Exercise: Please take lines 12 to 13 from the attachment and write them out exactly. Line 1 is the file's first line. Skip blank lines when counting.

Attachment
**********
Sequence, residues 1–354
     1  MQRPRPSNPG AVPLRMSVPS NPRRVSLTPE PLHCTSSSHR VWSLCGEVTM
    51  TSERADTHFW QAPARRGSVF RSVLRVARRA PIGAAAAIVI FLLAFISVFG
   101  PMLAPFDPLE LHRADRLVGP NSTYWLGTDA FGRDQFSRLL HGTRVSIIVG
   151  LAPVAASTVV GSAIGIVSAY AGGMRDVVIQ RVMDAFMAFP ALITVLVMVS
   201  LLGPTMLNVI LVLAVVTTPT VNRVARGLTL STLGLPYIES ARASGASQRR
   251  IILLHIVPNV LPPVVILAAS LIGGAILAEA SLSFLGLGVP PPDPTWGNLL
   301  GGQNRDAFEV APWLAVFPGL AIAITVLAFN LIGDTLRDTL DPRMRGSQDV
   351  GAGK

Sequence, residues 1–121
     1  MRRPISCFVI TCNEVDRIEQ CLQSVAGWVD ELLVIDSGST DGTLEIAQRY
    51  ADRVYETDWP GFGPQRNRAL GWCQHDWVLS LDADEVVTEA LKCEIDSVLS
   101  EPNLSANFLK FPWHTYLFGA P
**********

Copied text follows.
    51  ADRVYETDWP GFGPQRNRAL GWCQHDWVLS LDADEVVTEA LKCEIDSVLS
   101  EPNLSANFLK FPWHTYLFGA P